One of the main aims this week has been to make work those things in the camper that aren’t working. The first (OK the only) major success was the radio.
Having decided a couple of weeks ago that the radio itself was faulty, and that the one we bought for Clare’s Astra would do nicely, we bought another. The new one arrived whilst we were away, and I confidently fitted it and wired it in. Nothing. That seemed to suggest a more fundamental issue.
Although I have fitted a few radios over the years, this is the first time for quite a while that I have had to wire one in, instead of plugging it in. It seems the relevant technology has moved on and, unsurprisingly, I have failed to keep up. The wiring blocks, I find, have two power feeds: the red feed is for normal, fused power, and the yellow for a permanent, unfused supply, this latter to permit the retention of some of the settings, station presets etc. available. As we are most unlikely to use presets in France – our main requirement is to play the iPods – and as the battery isolator is used whenever we are parked up at home, there seemed little point in establishing an unfused feed. Just for fun, I thought I would try duplicating the feed – connecting both the red and yellow feeds to the live connector on the block. The new radio suddenly sprung to life. In a state of excitement not felt since we managed to obtain French driving licences, I disconnected the new set and wired in the set we had originally bought for the camper, again using the same fused feed for red and yellow. Nett result? As I said in my facebook status, and no-one seemed to comprehend, quoting from that well-known nursery rhyme “Ride a cock-horse to Banbury Cross” – Rings on her fingers and bells on her toes – oh yes indeedy!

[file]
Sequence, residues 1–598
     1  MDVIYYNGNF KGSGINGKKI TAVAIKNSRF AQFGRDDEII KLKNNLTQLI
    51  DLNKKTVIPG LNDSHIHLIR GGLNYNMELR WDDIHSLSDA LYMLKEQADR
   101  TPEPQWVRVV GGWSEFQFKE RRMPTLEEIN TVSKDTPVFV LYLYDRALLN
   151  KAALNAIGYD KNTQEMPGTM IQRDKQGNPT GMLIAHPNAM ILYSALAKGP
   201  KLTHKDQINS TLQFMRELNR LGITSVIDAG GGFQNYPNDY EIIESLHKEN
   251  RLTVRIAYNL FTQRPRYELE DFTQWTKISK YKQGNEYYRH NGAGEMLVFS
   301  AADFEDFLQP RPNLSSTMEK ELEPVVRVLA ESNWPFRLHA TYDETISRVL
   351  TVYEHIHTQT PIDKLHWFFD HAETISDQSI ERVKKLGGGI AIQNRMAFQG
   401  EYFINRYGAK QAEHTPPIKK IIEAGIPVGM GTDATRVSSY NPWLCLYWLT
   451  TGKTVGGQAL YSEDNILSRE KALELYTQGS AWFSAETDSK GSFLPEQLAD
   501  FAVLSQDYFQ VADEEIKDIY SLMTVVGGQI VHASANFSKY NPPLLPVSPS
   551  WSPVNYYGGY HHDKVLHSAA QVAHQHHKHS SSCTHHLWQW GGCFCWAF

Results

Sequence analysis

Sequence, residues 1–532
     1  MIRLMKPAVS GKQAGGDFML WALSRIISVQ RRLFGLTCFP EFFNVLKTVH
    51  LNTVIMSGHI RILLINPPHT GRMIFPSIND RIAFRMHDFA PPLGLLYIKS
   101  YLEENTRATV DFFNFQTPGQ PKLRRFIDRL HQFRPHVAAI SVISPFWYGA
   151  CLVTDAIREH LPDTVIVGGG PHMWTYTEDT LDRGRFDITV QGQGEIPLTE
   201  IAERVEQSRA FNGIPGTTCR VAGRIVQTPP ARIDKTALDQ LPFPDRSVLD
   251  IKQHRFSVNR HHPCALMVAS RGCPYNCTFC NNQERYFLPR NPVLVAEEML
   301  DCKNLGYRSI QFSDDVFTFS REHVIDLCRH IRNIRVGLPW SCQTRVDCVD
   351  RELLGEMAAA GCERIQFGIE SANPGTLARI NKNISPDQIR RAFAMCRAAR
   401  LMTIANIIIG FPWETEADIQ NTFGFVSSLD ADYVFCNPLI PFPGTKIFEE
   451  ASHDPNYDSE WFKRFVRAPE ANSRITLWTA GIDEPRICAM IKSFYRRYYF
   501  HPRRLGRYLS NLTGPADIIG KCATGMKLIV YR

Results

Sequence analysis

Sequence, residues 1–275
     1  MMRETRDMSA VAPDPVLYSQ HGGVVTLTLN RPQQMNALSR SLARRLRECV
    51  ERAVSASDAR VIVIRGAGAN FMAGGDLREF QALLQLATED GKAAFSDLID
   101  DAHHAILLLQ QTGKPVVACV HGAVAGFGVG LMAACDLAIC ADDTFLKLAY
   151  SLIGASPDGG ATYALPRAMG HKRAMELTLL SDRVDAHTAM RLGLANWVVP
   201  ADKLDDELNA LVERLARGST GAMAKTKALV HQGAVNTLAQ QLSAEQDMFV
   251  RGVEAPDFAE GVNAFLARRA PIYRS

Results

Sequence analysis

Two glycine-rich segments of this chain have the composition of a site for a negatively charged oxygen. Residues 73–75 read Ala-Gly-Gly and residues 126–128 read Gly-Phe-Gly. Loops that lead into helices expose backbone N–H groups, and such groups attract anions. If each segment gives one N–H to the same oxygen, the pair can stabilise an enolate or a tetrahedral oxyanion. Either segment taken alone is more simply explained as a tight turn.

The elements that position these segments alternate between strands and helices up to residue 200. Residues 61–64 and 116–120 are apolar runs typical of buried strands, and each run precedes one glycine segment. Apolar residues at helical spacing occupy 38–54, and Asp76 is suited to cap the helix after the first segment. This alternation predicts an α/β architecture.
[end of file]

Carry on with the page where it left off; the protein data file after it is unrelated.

Anybody want a cheap car radio? Make me an offer before I put it on eBay – details.
When we bought the camper, the person who sold it to us said that he had always had a great deal of difficulty getting the water heater to fire up and had always resorted to boiling kettles. The first time we took it out, the water heater worked perfectly. Since then, we have had a great deal of difficulty getting the water heater to fire up and have resorted to boiling kettles. Additionally, because we don’t have a leisure battery, we like to camp where we can get an electric hook-up. That generally means sites with dish-washing, toilet and shower facilities, so we don’t need to use either the hot water or the chemical toilet.
We did some extensive tests with the satellite set-up, which proved everything is working, but the dish is too small. It is actually sold for use in the UK, where a small dish is adequate to receive the services on Astra 2. Because of the shape of the footprint and our place in it, we really need a 60cm dish here, and an 80cm dish in the deep south of France. Back to the drawing board.
Anybody want a cheap portable 12v satellite system suitable for camping/caravanning? Make me an offer before I put it on eBay – details.
You want another success story? Ask Clare about her garlic and her broad beans.
It looks sometimes as though autumn is on its way. Certainly, stunning sunsets are not a feature of summer. However, I recall someone saying recently that when the sun sets, forget the brash, stark image of the sun and look in the other direction. I did, and look at this:
Forget the brash reds and oranges of a conventional sunset image. On the other side of the sky are pastel blues and pinks that tell a much more gentle story
Finally, a bit of a family appeal.
On 23rd September, my older brother, Tony, will abseil down a very tall building to help raise funds for the Children’s Ward at the Oxford Children’s Hospital.
His 4 years old Grandson, Lewis, has the rare Langerhan’s Cell Histiocytosis, for which he is being treated with Chemotherapy/Steroids at the Kamran’s Childrens Cancer Ward.
Lewis is just one of the many children treated annually on this ward, where the Doctors, Nurses and Play Specialists do an astounding job. Many of these children need to stay on the ward for prolonged periods, usually with their parents. The toys, Playstations, Wii’s etc. that all children love are donated privately. There is also a vast amount of medical equipment that is funded through charity.
More details are on the donation page Tony has set up through Just Giving. http://www.justgiving.com/tony-channing1. It’s not only at Tesco where every little helps!